Now, I’m out of the house 12-14 hours a day. I’m a full-time grad student. I only cancel plans if I literally would have to be in two places at once to make them happen. I have an exercise routine that I love. I am on 3 fewer daily meds and never take as-needed pain meds unless I tweaked a joint while exercising. I don’t spend any time in my bed except when I’m ready to sleep. I have more joy and purpose than I’ve had in a while. So, in response to the slips I was feeling this week, I set boundaries, decided what to let go of, and started my health behaviors again.

How do we let these wake-up call moments be the moment that we start to get back on track, rather than the moment we succumb to a relapse? How do we accept the inherent messiness of recovery?


[image description: a hand-drawn, black and white comparison of the expectations and reality of recovery. The picture is of two different arrows, one representing expectations and the other, reality. The expectation arrow is a straight trajectory upward, whereas the reality arrow is a messy arrow with a lot of circles and detours, but in the end is still pointing upwards. Source].
When you notice that you’re falling back into survival mode and there are red flags littered all around you:

  • Acknowledge your shortcomings, but acknowledge that they don’t define you. Because of black-and-white thinking, it’s all too easy to just think, “Well, I failed, and that makes me a failure. Why do I even bother trying?” That’s how we succumb to exactly what we don’t want: a relapse. That’s how we let bad moments slip into a pattern. You are in the best spot right now to say “no more” to this, rather than say “oh well.” Red flags don’t automatically mean you’re in a relapse. Do not let your thinking lead you to one.
  • See it as a bad day/week, not a bad life. See above.
  • Take yourself to a quiet place so that you can:
    • Decide what to let go of right away and over time.
    • Decide what to resume right away and over time. Some things will have to be left undone in order to make space for your self-care. What will they be? What can – and honestly, should – you let go of? Can you let your kitchen be a little messy? Can you let someone else step up on a task? Can you hand an imperfect paper in or skim rather than in-depth read that article? Can you turn off your phone for a few hours? Can you set clear boundaries with the people in your life? My guess is that you can.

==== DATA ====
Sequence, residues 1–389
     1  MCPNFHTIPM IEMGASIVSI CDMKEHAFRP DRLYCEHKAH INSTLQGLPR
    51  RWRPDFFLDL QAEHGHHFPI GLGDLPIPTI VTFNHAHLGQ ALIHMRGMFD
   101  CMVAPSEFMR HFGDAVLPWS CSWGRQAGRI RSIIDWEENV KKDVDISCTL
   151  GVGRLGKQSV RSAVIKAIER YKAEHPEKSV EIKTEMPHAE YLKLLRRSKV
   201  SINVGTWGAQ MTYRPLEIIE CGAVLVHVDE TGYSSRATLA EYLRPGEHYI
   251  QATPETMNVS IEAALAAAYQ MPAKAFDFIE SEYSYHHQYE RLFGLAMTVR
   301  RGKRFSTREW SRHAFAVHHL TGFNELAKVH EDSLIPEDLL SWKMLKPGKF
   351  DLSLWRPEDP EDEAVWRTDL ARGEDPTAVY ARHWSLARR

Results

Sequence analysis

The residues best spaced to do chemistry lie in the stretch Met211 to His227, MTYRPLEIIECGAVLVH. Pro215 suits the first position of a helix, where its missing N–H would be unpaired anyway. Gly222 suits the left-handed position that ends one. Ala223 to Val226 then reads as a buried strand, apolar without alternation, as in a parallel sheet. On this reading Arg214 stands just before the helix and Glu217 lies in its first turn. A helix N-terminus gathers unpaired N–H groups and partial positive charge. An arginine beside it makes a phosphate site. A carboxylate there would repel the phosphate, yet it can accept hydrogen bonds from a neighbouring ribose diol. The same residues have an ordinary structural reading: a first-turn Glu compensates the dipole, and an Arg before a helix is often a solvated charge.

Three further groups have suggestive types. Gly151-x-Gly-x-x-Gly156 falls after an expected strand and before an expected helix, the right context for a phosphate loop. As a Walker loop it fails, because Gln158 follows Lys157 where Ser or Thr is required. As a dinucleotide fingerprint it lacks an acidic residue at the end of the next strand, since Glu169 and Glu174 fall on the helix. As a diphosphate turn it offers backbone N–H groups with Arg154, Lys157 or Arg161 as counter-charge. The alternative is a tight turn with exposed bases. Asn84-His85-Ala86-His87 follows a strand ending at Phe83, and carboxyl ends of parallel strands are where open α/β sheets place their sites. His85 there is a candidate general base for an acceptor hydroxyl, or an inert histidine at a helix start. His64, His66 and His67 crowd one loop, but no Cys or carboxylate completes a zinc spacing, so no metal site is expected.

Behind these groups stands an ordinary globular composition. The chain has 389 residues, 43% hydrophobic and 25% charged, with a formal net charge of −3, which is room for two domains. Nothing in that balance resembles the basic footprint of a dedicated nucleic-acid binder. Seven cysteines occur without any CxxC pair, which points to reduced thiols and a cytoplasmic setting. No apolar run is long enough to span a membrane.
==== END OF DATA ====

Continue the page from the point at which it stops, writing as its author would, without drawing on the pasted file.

• Find your rhythm again. Daily and weekly schedules and daily routines (morning and evening) save so much time and effort, and they can help you find your ideal pace again. Give yourself space to figure out what works and what doesn’t. What do you need in your day? It’s not going to be perfect – you will very rarely do all of the things you want to in a day to take care of yourself, but know that you are trying – and that is far better than not.
  • Acknowledge – and relish in – the messiness of recovery and of your soul. It’s just never going to be a linear process to heal, but look at you – you’re giving it your all. You’re giving it your best each day, and your best will look different on each day, but you’re still here and you’re still trying. That is an amazing thing to celebrate. [Here are some more posts with tips and encouragement about the recovery process.]

“At a certain point, you have to kind of realize that greatness is a messy thing.” – James Gray

Your greatness will be messy. Your life will be messy. Your soul will be messy. That’s just how it is for everyone, no matter how much we try to deny it. Embrace it! Keep fighting the good fights you’re fighting right now, my friends. Self-care is not selfish; it’s necessary for survival and eventually, thriving.

2 thoughts on “Keeping Red Flags from Building up to a Relapse